Assessing Ice Island Drift Patterns, Ice Island Grounding Locations, and Gridded Bathymetry Products between Nares Strait and the North Atlantic
Keywords:ice islands; icebergs; ice hazards; risk assessment; Canadian Arctic; Greenland; Petermann Glacier; Newfoundland and Labrador; bathymetry; currents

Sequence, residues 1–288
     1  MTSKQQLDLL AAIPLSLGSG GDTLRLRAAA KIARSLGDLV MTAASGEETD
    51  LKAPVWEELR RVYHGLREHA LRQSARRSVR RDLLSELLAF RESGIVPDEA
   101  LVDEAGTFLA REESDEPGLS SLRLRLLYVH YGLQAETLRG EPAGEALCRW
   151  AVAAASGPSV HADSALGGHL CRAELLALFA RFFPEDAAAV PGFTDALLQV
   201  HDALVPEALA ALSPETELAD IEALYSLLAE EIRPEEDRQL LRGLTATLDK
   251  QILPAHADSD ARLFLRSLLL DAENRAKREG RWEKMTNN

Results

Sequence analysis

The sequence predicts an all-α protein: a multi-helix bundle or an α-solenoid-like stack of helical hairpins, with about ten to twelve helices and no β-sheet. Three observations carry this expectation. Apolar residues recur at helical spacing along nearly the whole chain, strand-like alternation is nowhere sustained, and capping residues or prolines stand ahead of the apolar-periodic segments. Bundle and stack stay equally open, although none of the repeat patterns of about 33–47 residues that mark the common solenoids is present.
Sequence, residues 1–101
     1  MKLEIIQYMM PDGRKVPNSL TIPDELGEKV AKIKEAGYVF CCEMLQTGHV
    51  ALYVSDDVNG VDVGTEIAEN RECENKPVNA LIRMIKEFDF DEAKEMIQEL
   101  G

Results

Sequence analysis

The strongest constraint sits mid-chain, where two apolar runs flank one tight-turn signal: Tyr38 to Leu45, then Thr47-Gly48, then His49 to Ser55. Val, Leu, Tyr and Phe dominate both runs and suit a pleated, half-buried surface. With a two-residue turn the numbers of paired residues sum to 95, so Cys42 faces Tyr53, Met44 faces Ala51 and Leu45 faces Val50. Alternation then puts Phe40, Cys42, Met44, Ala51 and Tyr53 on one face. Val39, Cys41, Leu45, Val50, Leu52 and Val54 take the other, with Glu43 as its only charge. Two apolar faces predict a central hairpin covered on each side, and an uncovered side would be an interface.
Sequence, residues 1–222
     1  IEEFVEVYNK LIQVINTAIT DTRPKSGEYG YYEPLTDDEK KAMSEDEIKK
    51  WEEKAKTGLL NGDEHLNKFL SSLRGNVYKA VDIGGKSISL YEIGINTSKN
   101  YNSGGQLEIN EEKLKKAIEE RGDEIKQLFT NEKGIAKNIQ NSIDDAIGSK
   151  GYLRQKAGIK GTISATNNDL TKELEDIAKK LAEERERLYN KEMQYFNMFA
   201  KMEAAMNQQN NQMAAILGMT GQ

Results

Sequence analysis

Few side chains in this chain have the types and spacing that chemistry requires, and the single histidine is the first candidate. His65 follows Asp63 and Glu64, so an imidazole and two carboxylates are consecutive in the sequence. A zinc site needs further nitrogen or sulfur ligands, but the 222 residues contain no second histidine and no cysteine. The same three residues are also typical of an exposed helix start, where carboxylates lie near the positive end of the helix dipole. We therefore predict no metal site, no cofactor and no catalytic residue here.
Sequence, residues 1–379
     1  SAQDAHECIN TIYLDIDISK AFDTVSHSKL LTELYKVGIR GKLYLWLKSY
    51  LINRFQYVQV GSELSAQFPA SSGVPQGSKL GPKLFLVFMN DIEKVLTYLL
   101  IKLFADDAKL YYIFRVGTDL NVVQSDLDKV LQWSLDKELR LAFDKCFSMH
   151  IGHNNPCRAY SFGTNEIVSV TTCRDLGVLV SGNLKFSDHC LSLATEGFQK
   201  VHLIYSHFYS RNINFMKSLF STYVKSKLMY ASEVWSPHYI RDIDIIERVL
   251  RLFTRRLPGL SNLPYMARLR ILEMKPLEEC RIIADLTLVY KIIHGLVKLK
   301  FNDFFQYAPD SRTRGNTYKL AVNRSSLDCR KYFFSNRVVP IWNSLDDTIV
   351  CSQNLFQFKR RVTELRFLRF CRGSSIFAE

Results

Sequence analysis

Large, tabular icebergs known as “ice islands” frequently transit the eastern Canadian Arctic and sub-Arctic after breaking away from ice tongues in northern Greenland. Here, we mine the Canadian Ice Island Drift, Deterioration and Detection (CI2D3) Database to contribute a descriptive assessment of the drift and grounding locations of Petermann ice islands (PII) following calving events at the Petermann Glacier in 2008, 2010, and 2012. We also use the CI2D3 Database to demonstrate how gridded bathymetry products can be improved using observations of ice island grounding and knowledge of ice island thickness. We find that most PII fragments followed a common southbound drift route directed by outflow from the Arctic Ocean and the dominant Baffin and Labrador Currents, which are strongest along the steep continental shelf break. Smaller ice islands were more prone to drift into the deeper waters of central Baffin Bay. As previously noted by northern community members, ice islands were also observed to drift into many adjacent sounds, channels, inlets, and straits. PIIs often grounded on shoals in Kane Basin, to the east of Coburg Island, and along the southeast coast of Baffin Island. Potential inaccuracies in two gridded bathymetry products were located in Jones Sound, near Coburg Island, and along the east coast of Baffin Island. Our approach to identifying these potential inaccuracies is shown to be sensitive to the estimate of ice island keel depth. Overall, this work provides synthesized observations of ice island occurrence and grounding as well as an approach to improving bathymetry products in a resource-rich marine region where traffic and industry operations are increasing.
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